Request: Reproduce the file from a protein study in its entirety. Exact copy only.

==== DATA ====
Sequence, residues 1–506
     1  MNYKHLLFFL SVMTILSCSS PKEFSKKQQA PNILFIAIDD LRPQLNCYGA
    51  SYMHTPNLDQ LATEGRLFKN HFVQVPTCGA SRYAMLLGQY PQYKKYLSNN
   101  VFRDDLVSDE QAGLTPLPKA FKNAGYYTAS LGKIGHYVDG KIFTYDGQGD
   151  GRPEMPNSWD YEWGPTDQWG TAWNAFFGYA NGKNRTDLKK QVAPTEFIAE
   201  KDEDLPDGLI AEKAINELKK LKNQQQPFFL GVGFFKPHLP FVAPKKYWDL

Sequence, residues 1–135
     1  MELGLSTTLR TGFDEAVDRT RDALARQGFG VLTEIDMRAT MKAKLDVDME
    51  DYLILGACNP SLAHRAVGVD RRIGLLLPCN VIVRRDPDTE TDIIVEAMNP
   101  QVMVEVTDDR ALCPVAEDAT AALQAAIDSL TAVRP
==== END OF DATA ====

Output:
Sequence, residues 1–506
     1  MNYKHLLFFL SVMTILSCSS PKEFSKKQQA PNILFIAIDD LRPQLNCYGA
    51  SYMHTPNLDQ LATEGRLFKN HFVQVPTCGA SRYAMLLGQY PQYKKYLSNN
   101  VFRDDLVSDE QAGLTPLPKA FKNAGYYTAS LGKIGHYVDG KIFTYDGQGD
   151  GRPEMPNSWD YEWGPTDQWG TAWNAFFGYA NGKNRTDLKK QVAPTEFIAE
   201  KDEDLPDGLI AEKAINELKK LKNQQQPFFL GVGFFKPHLP FVAPKKYWDL

Sequence, residues 1–135
     1  MELGLSTTLR TGFDEAVDRT RDALARQGFG VLTEIDMRAT MKAKLDVDME
    51  DYLILGACNP SLAHRAVGVD RRIGLLLPCN VIVRRDPDTE TDIIVEAMNP
   101  QVMVEVTDDR ALCPVAEDAT AALQAAIDSL TAVRP